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    ABSTRACT: We present a method for quantifying the accuracy of extended X-ray absorption fine structure (EXAFS) fitting models. As a test system, we consider the structure of bare Au147 nanoparticles as well as particles bound with thiol ligands, which are used to systematically vary disorder in the atomic structure of the nanoparticles. The accuracy of the fitting model is determined by comparing two distributions of bond lengths: (1) a direct average over a molecular dynamics (MD) trajectory using forces and energies from density functional theory (DFT) and (2) a fit to the theoretical EXAFS spec- tra generated from that same trajectory. Both harmonic and quasi-harmonic EXAFS fitting models are used to characterize the first-shell Au-Au bond length distribution. The harmonic model is found to significantly underestimate the coordination number, disorder, and bond length. The quasi-harmonic model, which includes the third cu- mulant of the first-shell bond length distribution, yields accurate bond lengths, but incorrectly predicts a decrease in particle size and little change in the disorder with increasing thiol ligands. A direct analysis of the MD data shows that the particle surfaces become much more disordered with ligand binding and the high disorder is incorrectly interpreted by the EXAFS fitting models. Our DFT calculations compare well with experimental EXAFS measurements of Au nanoparticles, synthesized using a dendrimer encapsulation technique, showing that systematic errors in EXAFS fitting models apply to nanoparticles on the size of 1-2 nm. Finally we show that a combina- tion of experimental EXAFS analysis with candidate models from DFT is a promising strategy for a more accurate determination of nanoparticle structures.
    ACS Nano 04/2015; 9(4). DOI:10.1021/acsnano.5b00090 · 12.03 Impact Factor
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    ABSTRACT: This paper summarizes several studies correlating the structure and function of nanoparticle catalysts. Three types of alloy nanoparticles are considered, random alloy, core@shell and alloy-core@shell structures. In the first two cases, the focus is to build theoretical models to understand previous experimental results. In the latter case, calculations play a greater role in leading the development of nanoparticle catalysts. We demonstrate that iteration between theory and experiment can facilitate an understanding of nanoparticle catalysts and reduce the time and effort involved in the design of new catalysts.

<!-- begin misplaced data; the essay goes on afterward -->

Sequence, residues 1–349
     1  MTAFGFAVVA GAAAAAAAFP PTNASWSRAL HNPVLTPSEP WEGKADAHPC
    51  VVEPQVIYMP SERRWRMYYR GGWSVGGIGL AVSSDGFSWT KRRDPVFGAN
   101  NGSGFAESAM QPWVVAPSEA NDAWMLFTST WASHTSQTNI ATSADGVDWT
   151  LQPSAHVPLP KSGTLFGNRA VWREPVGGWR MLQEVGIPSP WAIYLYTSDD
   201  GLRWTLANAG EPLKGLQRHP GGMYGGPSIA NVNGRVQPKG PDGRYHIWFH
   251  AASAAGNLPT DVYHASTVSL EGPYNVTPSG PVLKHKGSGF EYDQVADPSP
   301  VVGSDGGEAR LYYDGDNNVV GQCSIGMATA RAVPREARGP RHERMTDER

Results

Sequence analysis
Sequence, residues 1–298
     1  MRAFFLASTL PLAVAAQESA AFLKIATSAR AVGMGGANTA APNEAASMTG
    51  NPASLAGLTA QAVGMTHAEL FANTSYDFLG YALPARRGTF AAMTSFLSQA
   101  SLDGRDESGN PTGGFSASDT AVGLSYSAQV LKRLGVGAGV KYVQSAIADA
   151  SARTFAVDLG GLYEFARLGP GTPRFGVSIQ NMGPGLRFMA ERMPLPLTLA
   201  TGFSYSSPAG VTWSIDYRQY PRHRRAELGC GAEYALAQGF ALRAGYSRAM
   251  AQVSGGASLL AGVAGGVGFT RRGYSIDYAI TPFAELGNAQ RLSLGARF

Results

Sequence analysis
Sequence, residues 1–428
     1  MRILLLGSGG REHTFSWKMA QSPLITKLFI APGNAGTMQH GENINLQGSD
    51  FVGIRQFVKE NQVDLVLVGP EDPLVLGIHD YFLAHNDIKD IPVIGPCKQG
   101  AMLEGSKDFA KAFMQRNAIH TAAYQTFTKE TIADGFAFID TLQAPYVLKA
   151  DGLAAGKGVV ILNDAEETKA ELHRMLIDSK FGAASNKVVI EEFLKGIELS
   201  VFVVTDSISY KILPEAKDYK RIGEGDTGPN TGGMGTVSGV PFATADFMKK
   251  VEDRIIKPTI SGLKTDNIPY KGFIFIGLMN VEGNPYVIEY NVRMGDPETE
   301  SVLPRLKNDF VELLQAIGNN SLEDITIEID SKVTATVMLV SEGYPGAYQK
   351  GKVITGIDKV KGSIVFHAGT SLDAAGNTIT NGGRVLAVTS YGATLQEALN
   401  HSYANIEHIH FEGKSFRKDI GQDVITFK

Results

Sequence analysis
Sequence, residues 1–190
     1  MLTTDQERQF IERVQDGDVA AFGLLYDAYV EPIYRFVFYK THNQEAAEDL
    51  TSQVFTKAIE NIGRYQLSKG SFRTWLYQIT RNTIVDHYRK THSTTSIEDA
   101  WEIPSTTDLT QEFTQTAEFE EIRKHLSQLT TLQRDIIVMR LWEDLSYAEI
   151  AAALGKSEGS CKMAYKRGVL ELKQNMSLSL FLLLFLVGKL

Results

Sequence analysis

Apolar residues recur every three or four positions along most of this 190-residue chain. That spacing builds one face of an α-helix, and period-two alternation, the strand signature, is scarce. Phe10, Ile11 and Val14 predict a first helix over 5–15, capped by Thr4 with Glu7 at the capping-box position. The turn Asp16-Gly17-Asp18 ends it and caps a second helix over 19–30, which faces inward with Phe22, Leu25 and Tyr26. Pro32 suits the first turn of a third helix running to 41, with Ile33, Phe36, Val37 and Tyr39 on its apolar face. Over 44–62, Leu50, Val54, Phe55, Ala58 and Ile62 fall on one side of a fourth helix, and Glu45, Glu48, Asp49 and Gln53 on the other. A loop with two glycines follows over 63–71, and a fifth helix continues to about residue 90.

Surface Science 04/2015; DOI:10.1016/j.susc.2015.03.018 · 1.87 Impact Factor
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    ABSTRACT: We report electrochemical catalytic amplification of individual collisions between ∼57 nm diameter Pt nanoparticles (Pt NPs) and 12.5 μm diameter Au ultramicroelectrodes modified with passivating, electrostatically assembled polyelectrolyte multilayer (PEM) films prepared by the layer-by-layer deposition method. Two key findings are reported. First, despite the thicknesses of the insulating PEM films, which range up to 5 nm, electrons are able to tunnel from the Pt NPs to the electrode resulting in electrocatalytic N2H4 oxidation at the PEM film-solution interface. These single-particle measurements are in accord with prior reports showing that the electrochemical activity of passive PEM films can be reactivated by adsorption of metallic NPs. Second, it is possible to control the frequency of the collisions by manipulating the net electrostatic charge present on the outer surface of the PEM thin film. These results, which demonstrate that chemistry can be used to control electrocatalytic amplification, set the stage for future sensing applications.
    Langmuir 01/2015; DOI:10.1021/la5043124 · 4.38 Impact Factor
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    Long Luo, Xiang Li, Richard M Crooks
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    ABSTRACT: We present an origami paper-based electrophoretic device (oPAD-Ep) that achieves rapid (∼5 min) separation of fluorescent molecules and proteins. Due to the innovative design, the required driving voltage is just ∼10 V, which is more than 10 times lower than that used for conventional electrophoresis. The oPAD-Ep uses multiple, thin (180 μm/layer) folded paper layers as the supporting medium for electrophoresis. This approach significantly shortens the distance between the anode and cathode, and this, in turn, accounts for the high electric field (>1 kV/m) that can be achieved even with a low applied voltage. The multilayer design of the oPAD-Ep enables convenient sample introduction by use of a slip layer as well as easy product analysis and reclamation after electrophoresis by unfolding the origami paper and cutting out desired layers. We demonstrate the use of oPAD-Ep for simple separation of proteins in bovine serum, which illustrates its potential applications for point-of-care diagnostic testing.
    Analytical Chemistry 12/2014; DOI:10.1021/ac503976c · 5.83 Impact Factor
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    ABSTRACT: Here we outline a new method for synthesizing fully reduced Pt dendrimer-encapsulated nanoparticles (DENs). This is achieved by first synthesizing Cu DENs of the appropriate size through sequential dendrimer loading and reduction steps, and then galvanically exchanging the zerovalent Cu DENs for Pt. The properties of Pt DENs having an average of 55, 140, and 225 atoms prepared by direct chemical reduction and by galvanic exchange are compared. Data obtained by UV-vis spectroscopy, X-ray absorption spectroscopy, X-ray photoelectron spectroscopy, and high-resolution electron microscopy confirm only the presence of fully reduced Pt DENs when synthesized by galvanic exchange, while chemical reduction leads to a mixture of reduced DENs and unreduced precursor. These results are significant because Pt DENs are good models for developing a better understanding of the effects of finite size on catalytic reactions. Until now, however, the results of such studies have been complicated by a heterogeneous mixture of Pt catalysts.